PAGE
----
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Subtracting large numbers usng linked list

P: n/a
Hi,
I have an assignment that requires me to subtract two very large
unsigned integers
using linked list.AFAIK I have to manipulate data as character. But I
dont know how to get input into the linked list since the input will
all be in one line. eg.
1234567890. Also I have to use one integer per node.
Any help/suggestion will be greatly appreciated.
Thanks in advance
Jul 22 '05 #1
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8 Replies


P: n/a
simpleman wrote:
Hi,
I have an assignment that requires me to subtract two very large
unsigned integers
using linked list.AFAIK I have to manipulate data as character. But I
dont know how to get input into the linked list since the input will
all be in one line. eg.
1234567890. Also I have to use one integer per node.
Any help/suggestion will be greatly appreciated.
Thanks in advance


Get the input as string.

And then tokenize the string into parts such that
you can fit each part into a node in the linked list.

--
Karthik. http://akktech.blogspot.com .
' Remove _nospamplz from my email to mail me. '
Jul 22 '05 #2

P: n/a

"simpleman" <kh*********@gmail.com> wrote in message
news:32**************************@posting.google.c om...
Hi,
I have an assignment that requires me to subtract two very large
unsigned integers
using linked list.AFAIK I have to manipulate data as character. But I
dont know how to get input into the linked list since the input will
all be in one line. eg.
1234567890. Also I have to use one integer per node.
Any help/suggestion will be greatly appreciated.
Thanks in advance


Well that seems the easier part of your assignment.

You could read the input one character at a time. E.g.

char ch;
while (cin.get(ch))
{
if (ch == '\n') // stop at end of line
break;
// add char to list here
}

You could read a line at a time and then split the line up into individual
characters.

string line;
getline(cin, line);
for (size_t i = 0; i < line.size(); ++i)
{
char ch = line[i];
// add char to list here
}

john
Jul 22 '05 #3

P: n/a
"simpleman" writes:
I have an assignment that requires me to subtract two very large
unsigned integers
using linked list.AFAIK I have to manipulate data as character. But I
dont know how to get input into the linked list since the input will
all be in one line. eg.
1234567890. Also I have to use one integer per node.
Any help/suggestion will be greatly appreciated.


A simple linked list gives you easy access to only one end of the list. So
you want to put the data in backwards, so the '0' will be put in last. Then
you can conveniently work in a right to left fashion, as you learned in
elementary school. Convert the digits to positive BCD digits, 0000 to 1001
as you insert them. Do any necessary sign finagling as a separate step.
You might want to use nine or tens complement arithmetic. But my guess is
that the instructor will let you get by if you only handle positive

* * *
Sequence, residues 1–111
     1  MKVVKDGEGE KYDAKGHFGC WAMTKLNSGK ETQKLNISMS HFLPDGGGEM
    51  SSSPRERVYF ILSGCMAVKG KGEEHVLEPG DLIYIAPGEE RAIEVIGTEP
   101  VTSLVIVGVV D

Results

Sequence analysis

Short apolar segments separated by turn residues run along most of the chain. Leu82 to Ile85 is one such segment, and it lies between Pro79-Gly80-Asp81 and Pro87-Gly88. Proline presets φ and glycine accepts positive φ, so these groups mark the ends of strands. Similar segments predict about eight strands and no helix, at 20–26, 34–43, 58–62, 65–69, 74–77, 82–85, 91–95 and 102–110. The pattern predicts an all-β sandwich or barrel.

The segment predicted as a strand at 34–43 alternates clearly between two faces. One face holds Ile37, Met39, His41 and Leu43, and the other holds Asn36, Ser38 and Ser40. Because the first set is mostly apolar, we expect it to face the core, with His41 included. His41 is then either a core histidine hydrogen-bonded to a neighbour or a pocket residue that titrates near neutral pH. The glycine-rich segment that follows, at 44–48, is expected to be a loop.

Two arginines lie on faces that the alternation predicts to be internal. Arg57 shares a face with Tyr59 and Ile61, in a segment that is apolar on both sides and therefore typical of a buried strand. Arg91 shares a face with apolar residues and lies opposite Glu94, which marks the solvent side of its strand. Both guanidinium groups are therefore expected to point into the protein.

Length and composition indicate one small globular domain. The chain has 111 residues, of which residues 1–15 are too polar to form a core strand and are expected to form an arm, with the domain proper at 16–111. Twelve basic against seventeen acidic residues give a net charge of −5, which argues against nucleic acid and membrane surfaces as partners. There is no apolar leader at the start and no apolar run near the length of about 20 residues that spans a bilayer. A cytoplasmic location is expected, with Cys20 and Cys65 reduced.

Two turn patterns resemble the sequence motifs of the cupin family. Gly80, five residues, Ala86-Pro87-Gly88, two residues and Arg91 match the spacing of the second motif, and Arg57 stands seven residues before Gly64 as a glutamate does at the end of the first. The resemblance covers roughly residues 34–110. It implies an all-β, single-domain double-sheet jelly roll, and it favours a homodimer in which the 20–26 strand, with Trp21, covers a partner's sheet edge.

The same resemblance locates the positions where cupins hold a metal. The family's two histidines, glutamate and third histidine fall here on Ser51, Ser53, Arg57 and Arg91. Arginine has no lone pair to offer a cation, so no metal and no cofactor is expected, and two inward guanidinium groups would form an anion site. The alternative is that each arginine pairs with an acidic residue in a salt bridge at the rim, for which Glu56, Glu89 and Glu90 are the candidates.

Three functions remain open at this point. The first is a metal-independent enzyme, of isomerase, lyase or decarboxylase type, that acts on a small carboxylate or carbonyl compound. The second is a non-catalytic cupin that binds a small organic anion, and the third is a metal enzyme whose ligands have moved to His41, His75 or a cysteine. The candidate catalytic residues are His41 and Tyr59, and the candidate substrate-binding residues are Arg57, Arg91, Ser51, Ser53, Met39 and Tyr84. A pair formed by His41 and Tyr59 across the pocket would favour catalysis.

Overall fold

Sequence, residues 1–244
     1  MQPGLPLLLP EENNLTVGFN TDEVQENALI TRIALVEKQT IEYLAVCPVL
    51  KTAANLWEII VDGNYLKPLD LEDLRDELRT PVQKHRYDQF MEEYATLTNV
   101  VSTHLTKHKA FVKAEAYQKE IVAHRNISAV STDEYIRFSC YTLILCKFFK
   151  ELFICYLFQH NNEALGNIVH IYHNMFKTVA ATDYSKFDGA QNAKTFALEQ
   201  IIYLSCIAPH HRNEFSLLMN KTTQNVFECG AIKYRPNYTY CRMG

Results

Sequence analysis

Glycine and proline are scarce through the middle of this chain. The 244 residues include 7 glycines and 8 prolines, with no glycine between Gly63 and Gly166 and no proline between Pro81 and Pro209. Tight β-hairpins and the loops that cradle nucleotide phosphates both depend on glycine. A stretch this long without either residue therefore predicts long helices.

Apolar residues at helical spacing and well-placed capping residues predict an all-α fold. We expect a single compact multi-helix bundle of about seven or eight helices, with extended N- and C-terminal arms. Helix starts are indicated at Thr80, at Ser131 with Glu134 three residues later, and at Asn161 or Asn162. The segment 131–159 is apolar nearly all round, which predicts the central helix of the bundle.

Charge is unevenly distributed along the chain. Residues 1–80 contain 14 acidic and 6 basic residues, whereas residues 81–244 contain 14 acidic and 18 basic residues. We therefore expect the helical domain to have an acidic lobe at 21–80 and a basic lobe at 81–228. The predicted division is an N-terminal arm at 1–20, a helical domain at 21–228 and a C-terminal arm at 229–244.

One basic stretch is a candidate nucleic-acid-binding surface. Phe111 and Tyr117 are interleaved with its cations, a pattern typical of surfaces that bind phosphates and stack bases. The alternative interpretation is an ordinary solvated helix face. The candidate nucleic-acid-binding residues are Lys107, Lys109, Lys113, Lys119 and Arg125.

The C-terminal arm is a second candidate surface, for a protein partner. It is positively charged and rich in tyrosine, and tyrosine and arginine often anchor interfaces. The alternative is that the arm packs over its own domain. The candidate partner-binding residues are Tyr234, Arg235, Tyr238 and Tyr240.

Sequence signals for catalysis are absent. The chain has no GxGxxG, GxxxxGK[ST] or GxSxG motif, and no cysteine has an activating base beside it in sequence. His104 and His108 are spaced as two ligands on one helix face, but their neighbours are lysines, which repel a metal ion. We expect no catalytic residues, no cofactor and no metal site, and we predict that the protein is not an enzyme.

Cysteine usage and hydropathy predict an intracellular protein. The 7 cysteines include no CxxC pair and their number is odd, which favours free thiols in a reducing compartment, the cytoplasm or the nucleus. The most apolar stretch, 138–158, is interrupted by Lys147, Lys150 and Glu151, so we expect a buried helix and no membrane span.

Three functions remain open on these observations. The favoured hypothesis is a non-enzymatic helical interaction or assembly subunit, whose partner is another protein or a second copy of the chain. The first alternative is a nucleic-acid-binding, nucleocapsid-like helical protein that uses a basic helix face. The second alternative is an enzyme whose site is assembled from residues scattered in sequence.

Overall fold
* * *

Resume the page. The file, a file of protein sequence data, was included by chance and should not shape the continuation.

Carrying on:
integers. Note that you can do anything that needs to be done, +, -, *, /,
with a proper subtractor [sp?].

Even though the data are one line, it doesn't mean that you can't read and
process a single character. That is:

char ch;
cin >> ch;

works OK.
Jul 22 '05 #4

P: n/a
I got the input into the string with one integer per node. Now the
problem
is subtracting two linked lists from one another as it involves carry
over in case the bottom number is larger than corresponding integer.
Also since they are in the linked list, I have to subtract one integer
from another.
Any help will be greatly appreciated
Thans in Advance
Jul 22 '05 #5

P: n/a

"simpleman" <kh*********@gmail.com> schrieb im Newsbeitrag
news:32**************************@posting.google.c om...
I got the input into the string with one integer per node. Now the
problem
is subtracting two linked lists from one another as it involves carry
over in case the bottom number is larger than corresponding integer.
Also since they are in the linked list, I have to subtract one integer
from another.
Any help will be greatly appreciated
Thans in Advance

Do you know how to do a difference manually (on paper)?
You can do the same with the computer. As you are using your own
representation
you can use an additional flag for the sign.
2 3 4 5 6 7 8 9 (A)
-1 2 3 4 5 6 7 8 (B)
---------------
1 1 1 1 1 1 1 1 (C)

Remark:
if A<B:
C= - (B-A)
else:
C= A-B

Regards
Michael
Jul 22 '05 #6

P: n/a

"simpleman" <kh*********@gmail.com> wrote in message
news:32**************************@posting.google.c om...
I got the input into the string with one integer per node. Now the
problem
is subtracting two linked lists from one another as it involves carry
over in case the bottom number is larger than corresponding integer.
Also since they are in the linked list, I have to subtract one integer
from another.
Any help will be greatly appreciated
Thans in Advance


You only get help with homework when you show that you have made some effort
yourself. Post your attempt to subtract one number from another. Then people
will help you with the code.

Also try to explain exactly what you are stuck on, it sounds like you are
stuck on what algorithm to use. So post your ideas on the algorithm, even if